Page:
1914-1929 Canada's Progress Or Decline?

  • Social Change(The begin of WWI) (-1)

    Social Change(The begin of WWI) (-1)
    When Britain officially declared war on Germany, since Canada was a colony of Britain, Canada was included in this great war. Throughout this war, Canada gained respect from many other countries. Canada had lost many soldiers in this war. More Canadians died in this war than any other conflict Canada has been in. More than 60,000 men died and 172,000 where injured.
  • Billy Bishop (WWI) (Social Change) (+2)

    Billy Bishop (WWI) (Social Change) (+2)
    Billy Bishop was a famous Canadian flying ace, with 72 victories throughout the First World War. He was the top Canadian ace of the war. The life expectancy of a new pilot was a couple of weeks, but Bishop managed to survive the whole war, whilst killing many other enemy pilots. Billy Bishop's brave actions represented Canada's pilots well and influenced many others to become pilots in WWI.
  • Jeremiah Alvin Jones (Political Change) (+2)

    Jeremiah Alvin Jones (Political Change) (+2)
    During the battle of Vimy Ridge in April 1917, Jeremiah Jones, one of the sixteen black men assigned to the Royal Canadian Regiment saved his unit from a machine gun nest. Jones contributed to one of Canada's largest victories in WWI. He also proved to white men that black soldiers were just as useful. Black men joining the armed forces, filling roles that were usually exclusive to white Canadians. Most white Canadians were reluctant to take them in because of their looks.
  • Wartime Elections Act (Social Change) (+1)

    Wartime Elections Act (Social Change) (+1)
    The Wartime Elections Act, established on the 20th of September, 1917, gave sisters, mothers and wives of the soldiers that served overseas the right to vote. This event was a big leap towards women's rights. Women were finally permitted to vote. This event was influenced by Sampson and MacDonald's actions, serving in WWI as nurses and risking their lives doing.
  • The Spanish Flu Epidemic (Social Change) (-1)

    The Spanish Flu Epidemic (Social Change) (-1)
    The Spanish flu epidemic started in 1918 and ended in 1920. It killed around 55,000 Canadians between the ages of 20 and 40. People who had just come back from the war, and were reunited with their family died from this tragic illness. The flu killed many good men who that might have done something with their lives to make Canada greater than it is now.
  • Residential Schools (Social change) (-2)

    Residential Schools (Social change) (-2)
    Residential schools were government-sponsored religious schools established to assimilate Aboriginals into Euro-Canadian culture. They attempted to both educate and convert Aboriginal youths to integrate them into Canadian society. Residential schools disrupted lives and communities, causing long-term problems among Aboriginal peoples and harming 1000s of children.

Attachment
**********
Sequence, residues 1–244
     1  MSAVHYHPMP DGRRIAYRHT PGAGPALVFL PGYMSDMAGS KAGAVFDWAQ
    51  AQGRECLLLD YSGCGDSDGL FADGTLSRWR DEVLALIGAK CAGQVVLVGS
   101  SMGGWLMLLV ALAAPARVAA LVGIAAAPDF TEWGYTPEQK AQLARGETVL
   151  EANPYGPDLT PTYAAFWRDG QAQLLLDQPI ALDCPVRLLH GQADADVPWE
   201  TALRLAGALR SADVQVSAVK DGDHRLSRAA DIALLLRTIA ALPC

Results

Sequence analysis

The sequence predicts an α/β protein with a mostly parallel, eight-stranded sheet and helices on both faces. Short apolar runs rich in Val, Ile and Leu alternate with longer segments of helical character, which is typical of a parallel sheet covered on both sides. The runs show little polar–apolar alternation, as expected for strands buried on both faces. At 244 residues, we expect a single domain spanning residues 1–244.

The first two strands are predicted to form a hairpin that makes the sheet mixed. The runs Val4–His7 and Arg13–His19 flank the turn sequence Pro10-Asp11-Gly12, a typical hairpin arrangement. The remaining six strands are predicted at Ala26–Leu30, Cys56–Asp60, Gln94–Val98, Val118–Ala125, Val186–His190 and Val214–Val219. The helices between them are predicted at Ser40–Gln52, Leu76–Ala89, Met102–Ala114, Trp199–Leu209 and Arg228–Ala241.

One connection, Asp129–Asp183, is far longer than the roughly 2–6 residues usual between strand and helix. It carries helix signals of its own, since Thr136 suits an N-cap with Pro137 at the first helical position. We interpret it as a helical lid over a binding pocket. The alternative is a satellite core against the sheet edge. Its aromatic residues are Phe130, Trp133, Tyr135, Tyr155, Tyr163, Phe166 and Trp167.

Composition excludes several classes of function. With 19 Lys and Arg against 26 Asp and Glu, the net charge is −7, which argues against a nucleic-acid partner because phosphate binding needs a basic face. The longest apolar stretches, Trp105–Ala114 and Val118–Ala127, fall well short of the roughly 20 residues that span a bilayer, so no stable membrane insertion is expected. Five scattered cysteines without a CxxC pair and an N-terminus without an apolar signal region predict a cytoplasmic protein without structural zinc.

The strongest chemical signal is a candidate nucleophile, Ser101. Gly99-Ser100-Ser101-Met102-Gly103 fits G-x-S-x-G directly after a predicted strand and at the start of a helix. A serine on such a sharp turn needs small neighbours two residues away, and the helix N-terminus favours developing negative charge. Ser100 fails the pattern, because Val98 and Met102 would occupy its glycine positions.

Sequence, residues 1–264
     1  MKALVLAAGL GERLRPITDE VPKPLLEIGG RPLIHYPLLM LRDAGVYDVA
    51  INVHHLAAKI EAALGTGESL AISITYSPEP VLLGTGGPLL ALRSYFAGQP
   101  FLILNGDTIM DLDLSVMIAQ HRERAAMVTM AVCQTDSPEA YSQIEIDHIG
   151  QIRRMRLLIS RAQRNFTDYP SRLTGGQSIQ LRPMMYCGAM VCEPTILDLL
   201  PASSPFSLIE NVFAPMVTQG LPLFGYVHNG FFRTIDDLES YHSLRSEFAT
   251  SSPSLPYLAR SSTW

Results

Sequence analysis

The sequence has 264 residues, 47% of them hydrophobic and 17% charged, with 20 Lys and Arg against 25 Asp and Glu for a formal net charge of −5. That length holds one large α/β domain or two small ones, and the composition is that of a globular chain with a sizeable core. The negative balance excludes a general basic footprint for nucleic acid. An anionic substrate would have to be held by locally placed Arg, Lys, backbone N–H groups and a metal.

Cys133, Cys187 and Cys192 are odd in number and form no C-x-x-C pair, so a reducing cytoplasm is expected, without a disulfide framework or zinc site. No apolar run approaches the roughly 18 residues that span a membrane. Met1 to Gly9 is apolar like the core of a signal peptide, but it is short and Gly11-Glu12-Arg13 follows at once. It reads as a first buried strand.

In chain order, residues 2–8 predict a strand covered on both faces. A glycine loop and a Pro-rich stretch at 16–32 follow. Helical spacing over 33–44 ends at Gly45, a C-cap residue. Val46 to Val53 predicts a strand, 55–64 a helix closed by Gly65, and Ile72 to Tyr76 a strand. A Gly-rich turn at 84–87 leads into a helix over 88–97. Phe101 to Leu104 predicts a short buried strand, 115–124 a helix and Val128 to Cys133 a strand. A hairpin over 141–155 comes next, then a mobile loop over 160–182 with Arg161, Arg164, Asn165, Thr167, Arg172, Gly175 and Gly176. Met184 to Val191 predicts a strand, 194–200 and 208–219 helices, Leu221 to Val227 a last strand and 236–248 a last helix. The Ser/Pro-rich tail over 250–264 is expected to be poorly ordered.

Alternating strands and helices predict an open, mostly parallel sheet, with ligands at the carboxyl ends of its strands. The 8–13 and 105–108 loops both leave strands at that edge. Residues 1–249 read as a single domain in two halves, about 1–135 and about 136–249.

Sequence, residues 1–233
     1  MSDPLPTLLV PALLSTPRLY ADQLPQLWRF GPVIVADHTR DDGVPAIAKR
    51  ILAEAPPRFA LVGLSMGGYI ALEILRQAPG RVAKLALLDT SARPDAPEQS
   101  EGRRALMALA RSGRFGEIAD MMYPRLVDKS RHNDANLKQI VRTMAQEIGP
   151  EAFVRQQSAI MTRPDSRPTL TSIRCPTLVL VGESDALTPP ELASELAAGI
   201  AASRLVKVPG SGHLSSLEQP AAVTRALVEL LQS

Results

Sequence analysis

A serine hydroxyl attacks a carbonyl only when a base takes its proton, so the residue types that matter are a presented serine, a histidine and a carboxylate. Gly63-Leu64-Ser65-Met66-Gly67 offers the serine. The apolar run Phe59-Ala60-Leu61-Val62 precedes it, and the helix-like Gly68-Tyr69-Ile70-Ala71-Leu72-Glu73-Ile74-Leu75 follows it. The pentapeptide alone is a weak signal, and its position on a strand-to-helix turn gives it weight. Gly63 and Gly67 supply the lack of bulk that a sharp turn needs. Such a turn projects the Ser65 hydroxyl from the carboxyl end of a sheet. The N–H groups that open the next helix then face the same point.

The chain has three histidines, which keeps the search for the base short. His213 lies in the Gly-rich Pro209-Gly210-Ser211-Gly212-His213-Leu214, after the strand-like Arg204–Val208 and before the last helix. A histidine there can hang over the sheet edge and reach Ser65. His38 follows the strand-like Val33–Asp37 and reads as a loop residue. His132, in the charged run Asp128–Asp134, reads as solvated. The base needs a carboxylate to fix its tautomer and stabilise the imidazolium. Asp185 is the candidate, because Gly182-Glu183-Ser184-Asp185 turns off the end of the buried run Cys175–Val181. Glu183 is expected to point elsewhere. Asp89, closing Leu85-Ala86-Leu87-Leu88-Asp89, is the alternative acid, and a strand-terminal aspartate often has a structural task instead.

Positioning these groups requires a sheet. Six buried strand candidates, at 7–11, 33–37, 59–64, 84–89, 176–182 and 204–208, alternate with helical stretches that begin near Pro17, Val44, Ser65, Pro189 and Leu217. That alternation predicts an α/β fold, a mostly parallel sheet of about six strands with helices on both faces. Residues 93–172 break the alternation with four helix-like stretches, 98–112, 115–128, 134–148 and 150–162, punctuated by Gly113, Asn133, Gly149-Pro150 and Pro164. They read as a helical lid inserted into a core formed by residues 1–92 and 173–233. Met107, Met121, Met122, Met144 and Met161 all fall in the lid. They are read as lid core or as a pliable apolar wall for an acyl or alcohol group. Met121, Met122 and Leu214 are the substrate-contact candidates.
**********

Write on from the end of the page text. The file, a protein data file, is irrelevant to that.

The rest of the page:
• The Roaring 20s (+1)

    The Roaring 20s (+1)
    After the war many soldiers moved to the cities in hope of finding jobs. Women had opportunities and freedom when they served as caregivers in the war and were treated better as they proved themselves brave. When they returned home they went back to being housewives losing the freedom and respect. Canadian wheat industry became a hit because many other countries wanted Canada's wheat.
  • Persons Day(Social Change) (+2)

    Persons Day(Social Change) (+2)
    On this day In 1929 the historic decision to include women in the legal definition of “persons” was handed down by Canada’s highest court of appeal. This gave women the right to be appointed to the Senate of Canada and paved the way for women's increased participation in public and political life.
  • The Stock Market Crash (Economic Change) (-2)

    The Stock Market Crash (Economic Change) (-2)
    The Great Stock Market Crash began on Black Thursday, October 24, 1929, and ended on Black Tuesday, October 29, 1929. This event was the cause of the great depression, which lasted until 1939. Most Canadians were buying things they couldn't even dream to afford with credit. When the stock market crashed they couldn't pay for what they bought and became very poor.
  • Canada's Independence (Social Change) (+2)

    Canada's Independence (Social Change) (+2)
    In 1926, an Imperial Conference in London featuring all the colonial prime ministers declared that Britain and its dominions were, in fact, “equal in status,” and not master and subject. In 1931, following further negotiation, the British Parliament passed a law known as the Statute of Westminster which formally surrendered Britain’s ability to make laws for Canada.